Please add Access-Control-Allow-Origin response header to blog.cloudflare.com

I have a page that attampts to load https://blog.cloudflare.com located at https://chickar.ee/blog.cloudflare.com (source) the XHR request fails because of the lack of Access-Control-Allow-Origin header.

The request then falls back to a proxy (source), but that request also fails (I’ll have to debug why it thinks it’s a circular redirect).

To avoid hitting the proxy at all, I would really apprecaite it if you could add Access-Control-Allow-Origin: * to all of the pages on https://blog.cloudflare.com. Adding this header is completely safe since the the site is public anyways.

So you’re saying that you want to serve Cloudflare content from your domain, and you’d like them to open up access to let you do this?

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Yes. It just serves the metadata. Here’s an example: https://chickar.ee/www.nytimes.com

In this example, they don’t add the proper headers, but the proxy retrieves it.

Here’s an example where the headers are properly set:
https://chickar.ee/davidwbarratt.com

The CORS isn’t a DRM feature

:wave: @weslima

Does the current CORS header block an a href link? That seems… odd.

— OG

CORS doesn’t block anything, the same-origin policy does. Anchor tags (or anything else you can do in HTML for that matter) are not subject to the policy. XMLHttpRequests (XHR) are subject to the policy.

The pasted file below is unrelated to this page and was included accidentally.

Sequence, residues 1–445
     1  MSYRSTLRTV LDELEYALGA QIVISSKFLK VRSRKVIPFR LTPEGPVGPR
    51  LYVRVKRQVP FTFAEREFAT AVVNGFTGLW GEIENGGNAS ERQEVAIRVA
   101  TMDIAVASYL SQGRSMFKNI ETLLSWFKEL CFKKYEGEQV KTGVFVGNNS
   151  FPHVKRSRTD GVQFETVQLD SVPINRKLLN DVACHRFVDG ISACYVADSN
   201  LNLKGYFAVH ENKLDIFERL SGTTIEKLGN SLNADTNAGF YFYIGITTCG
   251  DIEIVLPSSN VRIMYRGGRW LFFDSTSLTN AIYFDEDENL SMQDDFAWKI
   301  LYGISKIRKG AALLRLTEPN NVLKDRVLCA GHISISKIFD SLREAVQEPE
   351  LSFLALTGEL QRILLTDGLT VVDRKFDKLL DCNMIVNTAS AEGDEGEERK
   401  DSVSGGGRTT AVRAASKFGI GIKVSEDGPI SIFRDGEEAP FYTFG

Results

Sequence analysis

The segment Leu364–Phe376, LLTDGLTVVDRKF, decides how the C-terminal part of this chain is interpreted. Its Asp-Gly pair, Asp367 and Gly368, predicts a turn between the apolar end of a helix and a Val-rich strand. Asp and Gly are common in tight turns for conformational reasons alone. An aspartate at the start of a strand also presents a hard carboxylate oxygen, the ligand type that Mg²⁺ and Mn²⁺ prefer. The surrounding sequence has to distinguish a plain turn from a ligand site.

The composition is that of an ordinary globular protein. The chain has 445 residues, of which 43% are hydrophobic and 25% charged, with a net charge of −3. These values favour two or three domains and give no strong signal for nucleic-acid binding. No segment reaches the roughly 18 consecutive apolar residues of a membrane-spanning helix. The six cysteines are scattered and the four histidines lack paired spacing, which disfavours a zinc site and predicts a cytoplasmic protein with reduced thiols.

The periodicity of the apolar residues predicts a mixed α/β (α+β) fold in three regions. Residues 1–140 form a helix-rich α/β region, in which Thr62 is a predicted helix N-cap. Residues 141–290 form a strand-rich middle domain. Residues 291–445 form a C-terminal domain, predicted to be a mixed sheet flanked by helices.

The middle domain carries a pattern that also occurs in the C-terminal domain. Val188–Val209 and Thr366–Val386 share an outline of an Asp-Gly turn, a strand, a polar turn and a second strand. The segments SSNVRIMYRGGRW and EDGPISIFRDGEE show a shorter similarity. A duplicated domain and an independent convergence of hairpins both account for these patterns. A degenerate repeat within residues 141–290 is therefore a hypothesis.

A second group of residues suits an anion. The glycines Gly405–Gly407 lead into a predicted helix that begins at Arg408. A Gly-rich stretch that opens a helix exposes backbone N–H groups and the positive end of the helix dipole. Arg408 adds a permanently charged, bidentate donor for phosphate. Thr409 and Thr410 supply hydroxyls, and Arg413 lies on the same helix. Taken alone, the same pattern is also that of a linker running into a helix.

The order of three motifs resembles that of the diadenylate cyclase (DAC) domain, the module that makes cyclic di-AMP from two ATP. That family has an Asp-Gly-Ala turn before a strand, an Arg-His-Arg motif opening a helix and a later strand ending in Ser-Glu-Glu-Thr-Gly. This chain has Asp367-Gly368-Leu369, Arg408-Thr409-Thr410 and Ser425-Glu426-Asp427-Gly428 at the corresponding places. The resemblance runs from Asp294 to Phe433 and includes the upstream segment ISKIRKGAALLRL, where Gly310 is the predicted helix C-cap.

It prevents random web pages from reading your intranet site (like a corporate webpage behind a firewall, or your router’s configuration page). Since the Cloudflare blog is neither of those things, and is publically accessible, it’s more then fine to allow it to be read by other sites who wish to do so.

:wave: @davidbarratt,

Wait how does any of those settings prevent you from adding a hyperlink to Cloudflare’s blog? Doesn’t seem like they do. Instead it prevents website A from artificially increasing its traffic by something something website B. Since website B seems to have done the work of creating content worth linking to is website A paying them to link or is this another… Napster-esque content wants to be free argument?

Is this a setting Cloudflare’s enforcing restrictions on its customers? Or the security settings Cloudflare has selected for their own domains and content?

— OG

I’m not trying to add a hyperlink, I’m trying to retrieve the metadata with XHR.

Metadata is not subject to copyright protection. I would assume that a marketing blog would want more traffic directed towards it’s blog (since reposting all of the content would be subject to copyright protection).

Again, the setting doesn’t enfoce restrisctions, it is restricted for every website by default, I’m asking to change the setting from something other than the default.

Lastly, it’s simple to get around this with a proxy, as you can see in this example:
https://chickar.ee/www.nytimes.com
(though I’m not sure why the proxy isn’t working for the cloudflare blog… maybe because they are both on a worker?)

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I fixed the problem I had with the proxy so at least now it loads:
https://chickar.ee/blog.cloudflare.com
and the RSS feed:
https://chickar.ee/blog.cloudflare.com/cnNzLw

But would be nice if it didn’t have to hit the proxy at all (which is what I’m requesting here).